Gangster’s Paradise: The Making of the Las Vegas Strip

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Las Vegas is well-known as a desert metropolis that is built on a history of gambling, taboo and all things sinful. This colourful reputation is what keeps visitors coming back for more every year, as well as encouraging them to stick their hands in their pockets and play a game or two at one of the many casinos on offer.

Gangsters Paradise The Making of the Las Vegas Strip

Whether you prefer to play at real money online casino sites like Goldenslot or experience casino magic in person, it’s worth finding out a little bit about the where the phenomenon began, and where better than Las Vegas?

The activity of playing card games didn’t hit the city until 1905, when railway tracks had begun to be laid between Las Vegas and the Pacific coastline, improving the ability to travel between states.

With the project in question involving a lot of hard work, the workers soon began looking for a way to unwind after a long day. Soon, the activity of choice became card games, and this only continued to catch on to the other Vegas residents. 

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By 1910, card games were fuelling Las Vegas’ transformation into a small-time crime hub. Gambling was soon outlawed, in an attempt to put a stop to the increasing crime numbers.

However, the pastime simply went underground, with games taking place in basements of restaurants and wherever else they could be hidden. In 1931, gambling was legalised once more, although the roots of organised crime had already been laid deep beneath the city. 

Dedicated casino buildings began to emerge, and gradually become grander as the years went by.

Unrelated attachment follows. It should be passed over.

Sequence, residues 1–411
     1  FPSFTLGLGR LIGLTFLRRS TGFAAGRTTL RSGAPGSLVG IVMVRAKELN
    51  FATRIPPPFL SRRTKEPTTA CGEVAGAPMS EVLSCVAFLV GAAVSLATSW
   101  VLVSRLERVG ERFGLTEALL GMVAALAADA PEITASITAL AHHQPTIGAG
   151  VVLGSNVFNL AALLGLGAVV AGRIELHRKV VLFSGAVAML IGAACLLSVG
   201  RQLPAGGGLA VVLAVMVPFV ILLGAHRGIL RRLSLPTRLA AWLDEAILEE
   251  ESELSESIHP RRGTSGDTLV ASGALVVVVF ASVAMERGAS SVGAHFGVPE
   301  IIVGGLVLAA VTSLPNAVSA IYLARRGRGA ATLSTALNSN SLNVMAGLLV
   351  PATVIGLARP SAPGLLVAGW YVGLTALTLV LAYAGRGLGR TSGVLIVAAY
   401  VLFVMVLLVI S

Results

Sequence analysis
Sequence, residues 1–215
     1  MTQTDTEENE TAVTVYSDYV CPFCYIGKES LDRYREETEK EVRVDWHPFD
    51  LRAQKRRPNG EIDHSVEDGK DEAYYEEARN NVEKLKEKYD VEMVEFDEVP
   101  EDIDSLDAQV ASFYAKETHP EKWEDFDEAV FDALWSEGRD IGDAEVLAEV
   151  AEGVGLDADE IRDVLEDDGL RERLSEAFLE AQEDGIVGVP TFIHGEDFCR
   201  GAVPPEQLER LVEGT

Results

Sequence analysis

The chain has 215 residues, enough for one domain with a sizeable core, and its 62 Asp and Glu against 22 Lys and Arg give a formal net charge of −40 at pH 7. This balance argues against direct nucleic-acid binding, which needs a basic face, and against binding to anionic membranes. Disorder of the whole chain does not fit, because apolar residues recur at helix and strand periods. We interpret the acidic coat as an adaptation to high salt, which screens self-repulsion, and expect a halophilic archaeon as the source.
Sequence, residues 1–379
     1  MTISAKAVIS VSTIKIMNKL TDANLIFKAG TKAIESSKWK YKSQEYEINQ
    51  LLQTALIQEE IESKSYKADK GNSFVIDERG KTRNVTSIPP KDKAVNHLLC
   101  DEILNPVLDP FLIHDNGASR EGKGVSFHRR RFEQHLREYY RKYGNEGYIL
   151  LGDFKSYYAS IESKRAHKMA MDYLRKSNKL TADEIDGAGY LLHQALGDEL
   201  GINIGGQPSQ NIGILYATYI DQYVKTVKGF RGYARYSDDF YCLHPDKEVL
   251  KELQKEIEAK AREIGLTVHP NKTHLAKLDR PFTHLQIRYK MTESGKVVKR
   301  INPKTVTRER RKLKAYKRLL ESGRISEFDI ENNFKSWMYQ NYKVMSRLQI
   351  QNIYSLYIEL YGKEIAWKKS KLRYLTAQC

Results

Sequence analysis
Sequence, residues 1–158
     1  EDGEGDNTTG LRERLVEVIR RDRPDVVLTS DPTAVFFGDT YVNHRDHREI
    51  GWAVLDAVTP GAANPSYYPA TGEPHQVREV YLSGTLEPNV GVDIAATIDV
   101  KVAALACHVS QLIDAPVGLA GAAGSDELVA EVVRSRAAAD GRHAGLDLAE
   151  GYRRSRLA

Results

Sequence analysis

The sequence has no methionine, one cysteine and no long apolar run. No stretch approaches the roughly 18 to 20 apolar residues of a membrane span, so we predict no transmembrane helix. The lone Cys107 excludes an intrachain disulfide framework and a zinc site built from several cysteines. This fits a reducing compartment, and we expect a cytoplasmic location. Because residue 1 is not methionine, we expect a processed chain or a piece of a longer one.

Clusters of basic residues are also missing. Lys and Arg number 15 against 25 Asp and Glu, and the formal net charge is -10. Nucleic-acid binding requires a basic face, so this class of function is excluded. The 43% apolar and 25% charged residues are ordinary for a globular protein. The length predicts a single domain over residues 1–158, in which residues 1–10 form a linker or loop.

In 1941, the first resort-style casino was opened in the city, called El Rancho Vegas, paving the way for even more hotel-casino hybrids to be constructed, which eventually led to the coining of ‘The Strip’ that we know today. Moving onto 1946, mobster Bugsy Siegal opened the Flamingo, backed by fellow gangster Meyer Lansky.

This was the first resort to take inspiration from the flourishing Hollywood lifestyle. Because of this nod to stardom, Siegal was able to book the top talent and acts to play in the lounges, with dozens of famous faces turning up to the grand opening in anticipation of finding their new hotspot. 

The following year, Siegel was murdered in a gang-related showdown, most likely how he imagined things would end. However, his game-changing vision for the city live on, with fellow mobsters constructing the Sahara, the New Frontier and the Riviera casinos throughout the 1950s and ‘60s.

Tourists would flock to these venues in troves, with a whopping eight million a year being recorded by 1954. As well as the top-class gaming tables and rows of slot machines, players were also enticed by the performers who were eager to take to these Vegas stages, such as Frank Sinatra, Dean Martin and Elvis Presley. 

Nearing the end of the ‘60s, another big change took place, which ushered in an era in which mob interests were being displaced by more corporate strategies and conglomerates. By 1989, avid casino developer Steve Wynn opened up the Mirage, which took the title of the city’s very first mega-resort.

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Over the two decades that followed, the image of these casinos only continued to grow, now drawing influence from further afield, such as ancient Rome, Egypt, Venice, Paris and New York. Las Vegas has now become a place where anything is possible, and the casino industry is still booming. 

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